GitHub Pages are public web pages for users,
organizations, and repositories, that are freely hosted on GitHub’s
github.io domain or on a custom domain name of your choice. GitHub Pages are
powered by Jekyll behind the scenes, so in addition to supporting regular HTML
content, they’re also a great way to host your Jekyll-powered website for free.
Never built a website with GitHub Pages before? See this marvelous guide by Jonathan McGlone to get you up and running. This guide will teach you what you need to know about Git, GitHub, and Jekyll to create your very own website on GitHub Pages.
Project Page URL Structure
Sometimes it’s nice to preview your Jekyll site before you push your
branch to GitHub. However, the subdirectory-like URL structure GitHub uses for
Project Pages complicates the proper resolution of URLs. In order to assure your
site builds properly, use
site.github.url in your URL’s.
This way you can preview your site locally from the site root on localhost, but when GitHub generates your pages from the gh-pages branch all the URLs will resolve properly.
Deploying Jekyll to GitHub Pages
GitHub Pages work by looking at certain branches of repositories on GitHub. There are two basic types available: user/organization pages and project pages. The way to deploy these two types of sites are nearly identical, except for a few minor details.
Our friends at GitHub have provided the
gem which is used to manage Jekyll and its dependencies on
GitHub Pages. Using it in your projects means that when you deploy
your site to GitHub Pages, you will not be caught by unexpected
differences between various versions of the gems. To use the
currently-deployed version of the gem in your project, add the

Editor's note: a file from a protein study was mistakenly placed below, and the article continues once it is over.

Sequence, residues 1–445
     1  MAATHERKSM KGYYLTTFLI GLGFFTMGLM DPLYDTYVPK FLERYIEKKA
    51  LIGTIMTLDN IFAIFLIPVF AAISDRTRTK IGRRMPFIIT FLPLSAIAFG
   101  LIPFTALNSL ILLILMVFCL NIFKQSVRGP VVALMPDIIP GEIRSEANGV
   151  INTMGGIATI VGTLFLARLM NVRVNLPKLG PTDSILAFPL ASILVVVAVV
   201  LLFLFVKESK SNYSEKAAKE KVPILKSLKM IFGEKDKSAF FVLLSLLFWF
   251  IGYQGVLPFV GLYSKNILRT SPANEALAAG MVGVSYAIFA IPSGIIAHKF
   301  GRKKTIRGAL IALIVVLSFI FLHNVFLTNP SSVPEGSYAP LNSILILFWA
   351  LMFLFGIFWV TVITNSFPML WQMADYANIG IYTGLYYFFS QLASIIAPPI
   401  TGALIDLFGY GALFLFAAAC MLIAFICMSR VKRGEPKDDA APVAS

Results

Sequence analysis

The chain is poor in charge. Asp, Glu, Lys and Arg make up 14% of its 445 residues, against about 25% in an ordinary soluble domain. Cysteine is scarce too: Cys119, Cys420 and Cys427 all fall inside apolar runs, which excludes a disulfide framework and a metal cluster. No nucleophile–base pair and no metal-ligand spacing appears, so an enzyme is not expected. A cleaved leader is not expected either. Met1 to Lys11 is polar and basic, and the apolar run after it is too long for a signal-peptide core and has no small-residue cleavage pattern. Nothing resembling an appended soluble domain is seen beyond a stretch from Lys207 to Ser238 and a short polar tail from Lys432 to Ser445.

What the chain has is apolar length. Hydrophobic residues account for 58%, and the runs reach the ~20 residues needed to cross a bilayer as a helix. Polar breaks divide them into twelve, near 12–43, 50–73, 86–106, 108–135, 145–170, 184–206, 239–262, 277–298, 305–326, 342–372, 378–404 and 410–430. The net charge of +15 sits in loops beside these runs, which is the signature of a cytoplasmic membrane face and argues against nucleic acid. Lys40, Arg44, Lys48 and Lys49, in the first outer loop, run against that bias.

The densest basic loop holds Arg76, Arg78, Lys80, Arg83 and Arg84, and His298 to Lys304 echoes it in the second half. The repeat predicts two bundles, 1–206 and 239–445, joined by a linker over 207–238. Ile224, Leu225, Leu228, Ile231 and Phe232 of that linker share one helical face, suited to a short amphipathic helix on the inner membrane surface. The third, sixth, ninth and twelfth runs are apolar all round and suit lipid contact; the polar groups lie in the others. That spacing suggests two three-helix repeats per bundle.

following to your
This will ensure that when you run
bundle install, you
have the correct version of the
If that fails, simplify it:
And be sure to run
bundle update often.
User and Organization Pages
User and organization pages live in a special GitHub repository dedicated to
only the GitHub Pages files. This repository must be named after the account
name. For example, @mojombo’s user page
repository has the name
Content from the
master branch of your repository will be used to build and
publish the GitHub Pages site, so make sure your Jekyll site is stored there.
Custom domains do not affect repository names
GitHub Pages are initially configured to live under the
username.github.io subdomain, which is why repositories must
be named this way even if a custom domain is being used.
Unlike user and organization Pages, Project Pages are kept in the same
repository as the project they are for, except that the website content is
stored in a specially named
gh-pages branch. The content of this branch will
be rendered using Jekyll, and the output will become available under a subpath
of your user pages subdomain, such as
username.github.io/project (unless a
custom domain is specified—see below).
The Jekyll project repository itself is a perfect example of this branch structure—the master branch contains the actual software project for Jekyll, however the Jekyll website (that you’re looking at right now) is contained in the gh-pages branch of the same repository.
Source Files Must be in the Root Directory
GitHub Pages Documentation, Help, and Support
For more information about what you can do with GitHub Pages, as well as for troubleshooting guides, you should check out GitHub’s Pages Help section. If all else fails, you should contact GitHub Support.